Younger Buyers Asking Family and Friends for Down Payment Help

Here’s a fun statistic: The percent of homebuyers who are relying on family members to assist them with their down payment has tripled during the recession, and is still higher than before the housing crises.  21 percent of home purchases were financed by a loan that was a gift by a family member or friend.   The number has fallen to 13 percent in 2014; and was just 8 percent in 2007, which was before the crises.

What this actually shows is a lack of savings from people buying homes today. Having a big wad of cash to put down on a house is typically how you buy one. People today aren’t buying houses like they used to, and part of it is because renting is easier.

In 2014, 25 percent of middle-income earners had help from family or friends with their down payments. Only 16 percent of high, and low, income earners asked their family and friends.

A few other factors keeping young people from buying homes is higher rent, student debts, and little income growth. For the determined, they are asking for help because they still see the value in owning a home, where some do not. A concern with the market is that younger buyers won’t be able to pay their loans back, which is what happened in the housing crisis. There might be some forgiveness with family or friends, but not with banks.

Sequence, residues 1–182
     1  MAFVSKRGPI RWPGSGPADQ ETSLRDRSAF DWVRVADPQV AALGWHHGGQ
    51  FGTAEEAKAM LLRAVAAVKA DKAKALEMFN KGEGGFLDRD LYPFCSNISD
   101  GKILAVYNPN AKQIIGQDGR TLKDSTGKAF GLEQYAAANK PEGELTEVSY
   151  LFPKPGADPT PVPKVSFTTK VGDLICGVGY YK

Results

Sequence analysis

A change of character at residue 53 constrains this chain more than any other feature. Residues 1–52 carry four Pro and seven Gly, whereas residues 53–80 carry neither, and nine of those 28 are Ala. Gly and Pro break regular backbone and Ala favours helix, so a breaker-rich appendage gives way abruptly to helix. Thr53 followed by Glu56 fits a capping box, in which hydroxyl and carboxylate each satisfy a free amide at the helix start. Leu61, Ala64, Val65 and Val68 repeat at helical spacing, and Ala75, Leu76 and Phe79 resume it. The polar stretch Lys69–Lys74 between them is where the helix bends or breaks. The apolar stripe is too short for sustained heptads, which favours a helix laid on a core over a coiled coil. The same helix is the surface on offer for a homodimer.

This is why having a personal family bank seems like a good option for the younger generations. Their rents are high, little credit availability, crippling student debt straps them tight for cash, making that 20% quite difficult to obtain. Since home values having been rising, so have the down payments.

Be careful when taking money from a family member or friend, because it can turn ugly quickly if things don’t go as planned. 

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